It has been just over one month in Cusco, Peru for my placement abroad, and the experience thus far has been different but exciting. There are a few projects that I will be working on while I am here. I am currently working in a local orphanage and was told to think of a project I could work on with the girls. I wanted to implement a program that would be different and fun. I came up with the idea of teaching a few origami classes. I was a little nervous because of the language barrier but to my surprise it went really well! We were able to make the origami and take polaroids with the girls in order to show off what they made and remember the experience. The other students came up with the idea of creative writing and drawing. Another project we wanted to work on at the orphanage is the greenhouse that Centennial College initially made. The plastic on the frame is beginning to rip and some of the gardens are not being used to its fullest potential. It just needs a little work and it will be good as new! Last, we were asked to do some English classes with some of the local teenagers in the area. We had an agreement to teach them one hour of English and in return they would teach us a half hour of Spanish. It was a little tough to know what we wanted to do but with a little planning it has been going great! We will be visiting other orphanages in the area and our goal is to accomplish what we did in the current orphanage we are at. The intention is to bring programs to the girls that they will enjoy and learn some new skills from them. I intend on continuing to learn as much as I can about this beautiful city and understand how things can be different from Canada. I am trying to enjoy and appreciate the opportunity I have because I know the next month and a half will fly by fast!! Below are some photos for you to enjoy!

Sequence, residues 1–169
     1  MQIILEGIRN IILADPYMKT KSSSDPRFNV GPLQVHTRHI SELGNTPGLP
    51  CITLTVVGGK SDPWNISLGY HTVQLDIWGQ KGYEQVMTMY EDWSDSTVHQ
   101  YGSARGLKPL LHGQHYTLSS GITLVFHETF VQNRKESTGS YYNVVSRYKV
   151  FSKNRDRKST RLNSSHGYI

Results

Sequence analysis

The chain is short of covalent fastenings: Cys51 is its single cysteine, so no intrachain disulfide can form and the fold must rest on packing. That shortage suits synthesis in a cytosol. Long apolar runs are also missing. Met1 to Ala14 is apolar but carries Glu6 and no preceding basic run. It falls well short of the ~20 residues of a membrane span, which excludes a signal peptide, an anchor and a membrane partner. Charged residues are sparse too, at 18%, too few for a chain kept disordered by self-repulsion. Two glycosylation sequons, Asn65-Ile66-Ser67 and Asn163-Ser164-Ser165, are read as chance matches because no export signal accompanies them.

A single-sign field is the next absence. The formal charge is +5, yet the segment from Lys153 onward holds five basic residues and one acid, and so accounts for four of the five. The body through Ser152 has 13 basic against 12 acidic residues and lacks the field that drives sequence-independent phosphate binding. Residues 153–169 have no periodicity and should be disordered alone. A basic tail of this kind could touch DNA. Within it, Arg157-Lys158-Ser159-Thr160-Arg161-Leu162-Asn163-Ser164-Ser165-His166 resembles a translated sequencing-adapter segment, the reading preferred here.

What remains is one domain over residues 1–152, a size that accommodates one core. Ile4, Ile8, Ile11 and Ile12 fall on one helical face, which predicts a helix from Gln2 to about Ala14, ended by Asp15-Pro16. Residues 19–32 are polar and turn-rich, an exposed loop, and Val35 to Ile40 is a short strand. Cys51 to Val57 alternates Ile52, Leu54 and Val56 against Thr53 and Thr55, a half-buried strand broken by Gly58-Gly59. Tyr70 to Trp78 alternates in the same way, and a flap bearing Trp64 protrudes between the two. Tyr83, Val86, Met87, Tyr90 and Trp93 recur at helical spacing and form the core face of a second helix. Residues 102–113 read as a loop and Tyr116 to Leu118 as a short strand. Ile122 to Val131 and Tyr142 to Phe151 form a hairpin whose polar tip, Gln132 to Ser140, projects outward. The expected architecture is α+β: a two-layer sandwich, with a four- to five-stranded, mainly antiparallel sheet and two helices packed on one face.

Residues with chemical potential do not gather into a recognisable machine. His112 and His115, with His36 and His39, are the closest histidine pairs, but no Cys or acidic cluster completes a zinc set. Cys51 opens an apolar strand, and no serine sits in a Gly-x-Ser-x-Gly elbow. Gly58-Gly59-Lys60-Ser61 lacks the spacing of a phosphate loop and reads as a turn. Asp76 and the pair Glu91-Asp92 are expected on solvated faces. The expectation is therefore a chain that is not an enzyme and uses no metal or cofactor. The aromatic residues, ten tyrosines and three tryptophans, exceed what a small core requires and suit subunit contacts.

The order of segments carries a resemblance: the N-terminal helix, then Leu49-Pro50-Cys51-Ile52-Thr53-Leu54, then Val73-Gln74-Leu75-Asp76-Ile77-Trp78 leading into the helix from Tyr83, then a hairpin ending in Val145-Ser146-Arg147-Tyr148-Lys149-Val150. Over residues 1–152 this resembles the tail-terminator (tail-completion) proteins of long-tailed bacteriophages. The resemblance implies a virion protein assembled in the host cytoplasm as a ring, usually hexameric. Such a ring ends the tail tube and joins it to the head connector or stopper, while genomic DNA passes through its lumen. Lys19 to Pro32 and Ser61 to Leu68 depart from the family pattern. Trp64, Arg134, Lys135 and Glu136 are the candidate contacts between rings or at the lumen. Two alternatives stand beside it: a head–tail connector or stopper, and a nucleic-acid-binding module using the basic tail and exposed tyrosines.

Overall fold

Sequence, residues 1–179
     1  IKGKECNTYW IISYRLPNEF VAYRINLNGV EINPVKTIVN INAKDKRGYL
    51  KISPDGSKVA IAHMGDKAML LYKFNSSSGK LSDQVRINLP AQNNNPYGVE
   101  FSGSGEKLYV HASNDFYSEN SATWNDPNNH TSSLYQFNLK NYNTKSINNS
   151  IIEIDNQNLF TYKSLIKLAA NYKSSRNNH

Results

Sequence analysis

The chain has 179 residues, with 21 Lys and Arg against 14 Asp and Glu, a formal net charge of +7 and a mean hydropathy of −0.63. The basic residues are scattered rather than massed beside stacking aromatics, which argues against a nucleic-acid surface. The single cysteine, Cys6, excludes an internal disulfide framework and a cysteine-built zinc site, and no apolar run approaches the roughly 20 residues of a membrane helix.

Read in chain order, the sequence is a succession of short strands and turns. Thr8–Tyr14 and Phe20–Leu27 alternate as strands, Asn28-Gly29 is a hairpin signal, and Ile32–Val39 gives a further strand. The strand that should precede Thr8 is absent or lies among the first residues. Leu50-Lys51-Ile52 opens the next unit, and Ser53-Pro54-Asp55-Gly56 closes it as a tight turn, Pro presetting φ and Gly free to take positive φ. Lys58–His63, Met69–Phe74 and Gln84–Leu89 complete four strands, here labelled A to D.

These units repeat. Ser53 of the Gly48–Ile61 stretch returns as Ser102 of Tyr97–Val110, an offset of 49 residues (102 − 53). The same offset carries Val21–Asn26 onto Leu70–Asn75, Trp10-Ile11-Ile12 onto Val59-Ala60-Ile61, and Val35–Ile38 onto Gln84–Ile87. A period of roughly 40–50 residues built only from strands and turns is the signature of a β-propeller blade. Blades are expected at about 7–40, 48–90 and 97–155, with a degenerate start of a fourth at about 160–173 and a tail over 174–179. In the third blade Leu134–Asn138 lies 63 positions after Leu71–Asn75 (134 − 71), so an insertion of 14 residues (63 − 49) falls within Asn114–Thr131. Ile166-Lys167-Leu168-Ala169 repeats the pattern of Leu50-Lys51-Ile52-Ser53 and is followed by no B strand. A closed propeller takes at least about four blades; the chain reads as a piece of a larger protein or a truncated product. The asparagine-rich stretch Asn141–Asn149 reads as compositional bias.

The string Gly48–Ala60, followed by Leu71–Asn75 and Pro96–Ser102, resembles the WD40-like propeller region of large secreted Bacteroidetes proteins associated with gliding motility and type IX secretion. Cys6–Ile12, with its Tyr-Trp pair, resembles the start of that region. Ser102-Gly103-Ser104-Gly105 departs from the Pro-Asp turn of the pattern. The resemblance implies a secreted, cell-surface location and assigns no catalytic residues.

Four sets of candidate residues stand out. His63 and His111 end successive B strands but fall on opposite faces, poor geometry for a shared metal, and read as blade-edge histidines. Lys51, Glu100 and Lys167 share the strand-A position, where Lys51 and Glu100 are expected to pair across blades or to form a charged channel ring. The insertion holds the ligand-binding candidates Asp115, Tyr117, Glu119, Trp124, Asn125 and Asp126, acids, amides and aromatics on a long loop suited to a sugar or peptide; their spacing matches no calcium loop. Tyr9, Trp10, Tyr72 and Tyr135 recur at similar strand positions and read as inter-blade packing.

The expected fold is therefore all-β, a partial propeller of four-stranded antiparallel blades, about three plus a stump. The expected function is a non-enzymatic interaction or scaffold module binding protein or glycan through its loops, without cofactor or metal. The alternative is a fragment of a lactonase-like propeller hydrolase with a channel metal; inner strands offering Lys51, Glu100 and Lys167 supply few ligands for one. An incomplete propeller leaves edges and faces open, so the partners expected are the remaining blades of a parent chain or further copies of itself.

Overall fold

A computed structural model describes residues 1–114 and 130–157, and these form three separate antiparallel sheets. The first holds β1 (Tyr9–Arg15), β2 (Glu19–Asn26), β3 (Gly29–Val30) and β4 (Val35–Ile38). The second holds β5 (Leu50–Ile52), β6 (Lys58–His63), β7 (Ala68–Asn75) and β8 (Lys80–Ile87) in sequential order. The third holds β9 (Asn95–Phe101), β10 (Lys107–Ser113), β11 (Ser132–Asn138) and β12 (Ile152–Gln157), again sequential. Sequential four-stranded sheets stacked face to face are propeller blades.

Jessica Ro, Social Service Worker Student, Centennial College